The ScotRail franchise is back in focus after a viral video shared by grassroots Labour group Momentum caused controversy.

The video, produced by the Transport and Salaried Staffs Association (TSSA) and viewed nearly 60,000 times on YouTube, criticises the Scottish Government’s role in awarding the franchise to Dutch company Abellio.

Momentum and the TSSA are campaigning for Scotland’s railways to be brought into public ownership, and the video strongly suggests the SNP chose to award the Scotrail franchise to Abellio instead of awarding the franchise to a public sector body.

A press release accompanying the video included a statement from TSSA General Secretary, Manuel Cortes. It said: “If the SNP are complaining about our campaign it’s because they’re feeling on this issue because they continue to collaborate with the privateers.”

Ferret Fact Service assessed this claim and found it to be False.

Evidence

The claim that the SNP are responsible for the continued operation of the ScotRail franchise by a private firm has been repeated numerous times by Labour leader Jeremy Corbyn, activist group Momentum and other senior Labour figures.

To understand the current controversy, we must assess the circumstances around the franchising of Scotland’s railways to Abellio.

The company won the contract, worth £6bn, in 2014. It put them in charge of Scotland’s rail services for up to a decade, taking effect from 1 April, 2015. Abellio replaced the previous franchise holder First ScotRail.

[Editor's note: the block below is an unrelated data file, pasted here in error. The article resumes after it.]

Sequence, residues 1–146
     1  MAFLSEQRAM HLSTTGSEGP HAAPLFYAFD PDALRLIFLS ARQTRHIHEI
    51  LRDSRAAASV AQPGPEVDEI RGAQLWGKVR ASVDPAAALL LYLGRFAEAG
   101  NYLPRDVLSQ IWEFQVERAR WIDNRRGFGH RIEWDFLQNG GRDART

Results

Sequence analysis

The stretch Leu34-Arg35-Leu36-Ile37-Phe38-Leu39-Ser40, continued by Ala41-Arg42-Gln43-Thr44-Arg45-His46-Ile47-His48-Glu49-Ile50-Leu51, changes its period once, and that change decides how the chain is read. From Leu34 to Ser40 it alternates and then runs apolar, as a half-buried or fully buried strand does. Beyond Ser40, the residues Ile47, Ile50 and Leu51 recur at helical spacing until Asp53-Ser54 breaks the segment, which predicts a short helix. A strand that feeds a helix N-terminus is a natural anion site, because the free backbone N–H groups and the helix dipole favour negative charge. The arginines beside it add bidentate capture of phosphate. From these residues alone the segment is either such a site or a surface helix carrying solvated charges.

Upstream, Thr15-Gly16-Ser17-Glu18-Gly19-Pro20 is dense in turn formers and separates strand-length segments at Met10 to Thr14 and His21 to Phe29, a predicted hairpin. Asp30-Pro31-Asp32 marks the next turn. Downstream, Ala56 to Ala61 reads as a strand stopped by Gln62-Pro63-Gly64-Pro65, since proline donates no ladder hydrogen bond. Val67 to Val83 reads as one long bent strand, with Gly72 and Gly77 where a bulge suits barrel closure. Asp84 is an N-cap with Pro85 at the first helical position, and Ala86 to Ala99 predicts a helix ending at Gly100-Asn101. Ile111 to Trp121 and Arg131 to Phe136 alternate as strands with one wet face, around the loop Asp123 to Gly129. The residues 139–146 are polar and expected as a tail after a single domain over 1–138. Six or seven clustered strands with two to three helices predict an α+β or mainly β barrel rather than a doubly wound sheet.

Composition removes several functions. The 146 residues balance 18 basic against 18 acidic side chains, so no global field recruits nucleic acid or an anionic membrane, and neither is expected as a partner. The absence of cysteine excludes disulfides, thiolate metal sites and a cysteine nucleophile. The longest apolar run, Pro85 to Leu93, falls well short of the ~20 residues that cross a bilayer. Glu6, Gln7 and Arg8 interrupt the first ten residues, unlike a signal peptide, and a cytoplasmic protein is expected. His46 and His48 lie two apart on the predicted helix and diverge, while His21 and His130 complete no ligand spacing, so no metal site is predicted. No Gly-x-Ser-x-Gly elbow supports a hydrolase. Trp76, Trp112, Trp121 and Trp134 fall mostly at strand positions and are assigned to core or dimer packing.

Abellio is the international arm of the state-owned Nederlandse Spoorwegen (Dutch Railways) which runs services on the main rail network in the Netherlands.

When the ScotRail operation was put up for tender in 2013, there were five bids, all from private companies. Abellio was alongside First ScotRail, Arriva, MTR and National Express.

However, the video produced by TSSA implies that the SNP decided not to include a public sector bid for the service.

The Scottish Government did not have the power to make such a decision when the 2013 draft franchise was tendered. Bids were invited from November 2013 onward and the five bids were shortlisted in April 2014, with Abellio announced as the winner on 8 October.

So what powers did the Scottish Government have when the draft invitation to tender was released?

Britain’s railways were nationalised from 1947 until the Railways Act of 1993.

The act handed control of the rail infrastructure to Railtrack, and 25 train operating companies were given franchises to provide rail services.

Railtrack was put into administration and Network Rail took over operation of the rail network in Scotland, England and Wales.

After Scottish devolution in 1999, the Scottish Government was handed a measure of power over transport, however railways remained largely under UK government control until the Railways Act 2005. This gave Scotland power to “manage and monitor the performance of ScotRail services” and the “sole responsibility for securing future ScotRail franchises”.

Crucially, the 2005 act did not give Scottish ministers the power to include a public sector bid for the ScotRail franchise. This ability was only devolved in the Scotland Act 2016, which handed Scotland a host of new powers in response to the Scottish Independence referendum in 2014.